FACTS forecasts two gas-price convergence trends

Dec. 14, 2006
Natural gas prices are converging upward, both in conjunction with rising oil prices and across global gas markets, according to a study of gas trends by FACTS Inc, Honolulu.

By OGJ editors
HOUSTON, Dec. 14 -- Natural gas prices are converging upward, both in conjunction with rising oil prices and across global gas markets, according to a study of gas trends by Fesharaki Associates Consulting & Technical Services Inc.(FACTS), Honolulu.

"Both trends are unique and define for us a whole new world," FACTS said. "Most buyers and sellers have not yet grasped the implications of these two trends." The study, "Globalization of Gas Prices: When Will It Become a Reality in the East?" was released during the early December Gastech meeting in Abu Dhabi.

Analysts forecast a long-term Henry Hub price of $7-9/MMbtu. Their forecasts point toward "irreversible" higher oil prices worldwide. "We will [still] have cycles, but from a higher price base," the analysts reported.

FACTS analysts expect oil prices could drop slightly during 2007 with an anticipated brief supply boost from outside the Organization of Petroleum Exporting Countries. But long-term oil prices are expected to increase to a level that curbs demand growth.

"What is that price? We feel that real prices have to rise by anywhere from 50-100% (base price of $80/bbl for Dubai crude and $85/bbl for West Texas Intermediate) on the back of moderate economic growth before demand is curbed by much more efficient use and new technologies that will reduce the dependency on oil," FACTS said.

Analysts foresee oil price equilibrium at $60/bbl for Dubai crude. Due to fuel switching, gas prices are bound to rise as well, although they are capped by competition from coal and nuclear power.

Meanwhile, LNG prices will be driven by high construction costs, the reentry of the US into the LNG market, shortfalls of contracted Indonesian LNG supplies, and Qatar's becoming the world's biggest LNG supplier.

"The Qataris know they hold most of the cards in the near term and intend to take advantage of it—asking for higher prices and diverting cargoes to the highest-paying markets—paving the way to become the price setter in the world LNG scene," FACTS said.

Price thresholds
For years, UK gas prices were the lowest, followed by US and European prices, while Asia had the highest gas prices. In 2005, US and European prices converged at higher levels, leaving Asian prices behind.

In 2006, a new trend emerged, with US and UK gas prices converging. Meanwhile, Asian prices have resumed their threshold above US and UK prices.

"With a real linkage in markets, new spot markers in the Atlantic Basin have emerged as the reference price in the East," FACTS reported. Traders rely upon US and UK gas prices as a reference price for Asian and Middle Eastern LNG spot prices.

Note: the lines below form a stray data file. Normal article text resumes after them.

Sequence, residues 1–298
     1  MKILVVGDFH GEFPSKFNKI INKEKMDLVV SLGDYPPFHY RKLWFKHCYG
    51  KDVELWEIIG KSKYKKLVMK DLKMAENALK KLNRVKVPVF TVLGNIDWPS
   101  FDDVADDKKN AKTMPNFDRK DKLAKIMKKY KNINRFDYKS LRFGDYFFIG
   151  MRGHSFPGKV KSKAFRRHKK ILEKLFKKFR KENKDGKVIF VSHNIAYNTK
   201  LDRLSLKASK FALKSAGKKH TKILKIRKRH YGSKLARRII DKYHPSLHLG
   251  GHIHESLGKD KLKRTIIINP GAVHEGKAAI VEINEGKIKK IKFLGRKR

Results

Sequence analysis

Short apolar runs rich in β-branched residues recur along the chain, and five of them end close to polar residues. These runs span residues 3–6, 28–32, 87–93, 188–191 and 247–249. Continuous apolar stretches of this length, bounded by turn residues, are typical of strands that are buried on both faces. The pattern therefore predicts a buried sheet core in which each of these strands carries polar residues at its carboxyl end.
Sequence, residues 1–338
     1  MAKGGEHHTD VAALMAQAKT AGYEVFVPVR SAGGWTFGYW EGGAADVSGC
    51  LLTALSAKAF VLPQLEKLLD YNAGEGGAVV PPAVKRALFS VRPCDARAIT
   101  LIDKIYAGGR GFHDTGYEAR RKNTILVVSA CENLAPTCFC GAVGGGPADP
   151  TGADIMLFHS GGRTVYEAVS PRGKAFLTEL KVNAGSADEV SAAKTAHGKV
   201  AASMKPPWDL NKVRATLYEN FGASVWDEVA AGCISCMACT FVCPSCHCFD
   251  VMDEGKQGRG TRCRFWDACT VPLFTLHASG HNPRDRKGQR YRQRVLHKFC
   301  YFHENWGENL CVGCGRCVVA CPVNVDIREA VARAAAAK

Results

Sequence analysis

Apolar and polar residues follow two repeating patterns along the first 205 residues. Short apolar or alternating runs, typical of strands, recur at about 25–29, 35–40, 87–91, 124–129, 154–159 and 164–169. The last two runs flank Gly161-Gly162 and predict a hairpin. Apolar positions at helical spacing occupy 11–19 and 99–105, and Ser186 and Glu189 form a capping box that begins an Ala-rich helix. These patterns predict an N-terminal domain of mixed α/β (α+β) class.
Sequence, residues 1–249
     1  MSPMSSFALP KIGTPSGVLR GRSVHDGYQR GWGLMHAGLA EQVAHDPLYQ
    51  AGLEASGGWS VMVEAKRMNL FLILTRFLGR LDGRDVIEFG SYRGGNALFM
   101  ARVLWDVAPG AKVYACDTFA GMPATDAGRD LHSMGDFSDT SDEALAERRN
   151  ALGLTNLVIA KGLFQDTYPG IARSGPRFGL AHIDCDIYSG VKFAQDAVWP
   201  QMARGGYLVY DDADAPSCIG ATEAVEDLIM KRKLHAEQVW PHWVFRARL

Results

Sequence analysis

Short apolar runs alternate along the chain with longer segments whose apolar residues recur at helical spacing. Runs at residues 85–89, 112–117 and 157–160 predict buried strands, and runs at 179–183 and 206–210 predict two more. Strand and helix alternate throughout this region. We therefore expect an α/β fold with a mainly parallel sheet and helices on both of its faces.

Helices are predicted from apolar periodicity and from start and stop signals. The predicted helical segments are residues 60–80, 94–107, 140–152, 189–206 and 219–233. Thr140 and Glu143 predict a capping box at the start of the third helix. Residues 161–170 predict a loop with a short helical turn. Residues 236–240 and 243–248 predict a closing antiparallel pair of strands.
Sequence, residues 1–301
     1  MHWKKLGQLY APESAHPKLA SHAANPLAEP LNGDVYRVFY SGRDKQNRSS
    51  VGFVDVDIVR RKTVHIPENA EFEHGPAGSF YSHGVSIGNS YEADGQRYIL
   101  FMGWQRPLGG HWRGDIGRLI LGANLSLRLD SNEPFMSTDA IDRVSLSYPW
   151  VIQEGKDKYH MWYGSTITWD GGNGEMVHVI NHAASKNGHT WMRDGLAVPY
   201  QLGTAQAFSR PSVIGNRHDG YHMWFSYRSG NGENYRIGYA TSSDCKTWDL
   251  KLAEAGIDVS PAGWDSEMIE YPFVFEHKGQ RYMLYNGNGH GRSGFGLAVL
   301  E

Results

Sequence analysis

The Asian LNG market is experiencing increased tightness. Middle East producers can send cargoes to both the Atlantic Basin and the Asia-Pacific region. New Asia-Pacific supplies can move within Asia and to the US West Coast.

Consequently, suppliers are likely to ask for prices that compete, or more likely exceed the prices they could obtain in the highest-paying market, "be it the Asia Pacific, Europe, or the US," FACTS said. "This essentially means a connection of markets despite the disparate location of the sellers. It also signals a fundamental shift in the global gas markets in both pricing and trade flows."

Asian buyers are negotiating with Qatar for long-term diversions to Asia of western volumes. FACTS questions how much volume initially targeted for western markets can be redirected to the East. South Korea and Japan, both short of supply, are negotiating for additional Middle East supplies.

Total diversions could reach 15-20 million tonnes by 2012 for Japan, South Korea, and Taiwan, but more volumes could be diverted to China and India if international prices are paid, FACTS said.

Tight supply
FACTS analysts believe gas consumers in Japan, South Korea, Taiwan, and the US will have no choice but to pay $7-9/MMbtu or higher.

"Some Asian countries are being asked to pay $8-12/MMbtu today to divert volumes from the West to the East. Can the Chinese and Indian consumers pay such prices? Can fertilizer producers pay such prices? The answer is highly uncertain," FACTS said.

Given limited supply, new buyers seeking near-term gas supply will face high prices.

"With the exception of Qatar, the Middle Eastern suppliers are all booked. In the Asia Pacific, the realistic potential suppliers by 2015 are: Russia's Sakhalin-2 (Train 3), Indonesia's Tangguh (Train 3), Australia's Northwest Shelf, Gorgon, Pluto, Scarborough, and Browse basin," FACTS said.

LNG buyers probably will resist making long-term commitments at high prices, but they will have to come to terms with that, FACTS analysts forecast.